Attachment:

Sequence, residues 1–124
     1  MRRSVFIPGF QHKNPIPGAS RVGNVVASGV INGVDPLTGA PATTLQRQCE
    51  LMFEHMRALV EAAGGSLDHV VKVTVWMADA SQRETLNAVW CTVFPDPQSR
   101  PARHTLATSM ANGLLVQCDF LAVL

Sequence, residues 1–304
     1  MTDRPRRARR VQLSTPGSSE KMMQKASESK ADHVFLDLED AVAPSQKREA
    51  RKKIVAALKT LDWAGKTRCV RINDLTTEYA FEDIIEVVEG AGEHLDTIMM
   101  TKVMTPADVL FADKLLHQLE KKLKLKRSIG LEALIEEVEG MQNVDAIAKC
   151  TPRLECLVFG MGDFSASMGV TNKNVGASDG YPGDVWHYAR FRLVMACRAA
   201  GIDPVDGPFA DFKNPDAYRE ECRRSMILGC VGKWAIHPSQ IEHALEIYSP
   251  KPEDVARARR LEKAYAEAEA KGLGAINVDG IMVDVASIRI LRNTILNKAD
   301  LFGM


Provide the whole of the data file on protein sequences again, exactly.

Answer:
Sequence, residues 1–124
     1  MRRSVFIPGF QHKNPIPGAS RVGNVVASGV INGVDPLTGA PATTLQRQCE
    51  LMFEHMRALV EAAGGSLDHV VKVTVWMADA SQRETLNAVW CTVFPDPQSR
   101  PARHTLATSM ANGLLVQCDF LAVL

Sequence, residues 1–304
     1  MTDRPRRARR VQLSTPGSSE KMMQKASESK ADHVFLDLED AVAPSQKREA
    51  RKKIVAALKT LDWAGKTRCV RINDLTTEYA FEDIIEVVEG AGEHLDTIMM
   101  TKVMTPADVL FADKLLHQLE KKLKLKRSIG LEALIEEVEG MQNVDAIAKC
   151  TPRLECLVFG MGDFSASMGV TNKNVGASDG YPGDVWHYAR FRLVMACRAA
   201  GIDPVDGPFA DFKNPDAYRE ECRRSMILGC VGKWAIHPSQ IEHALEIYSP
   251  KPEDVARARR LEKAYAEAEA KGLGAINVDG IMVDVASIRI LRNTILNKAD
   301  LFGM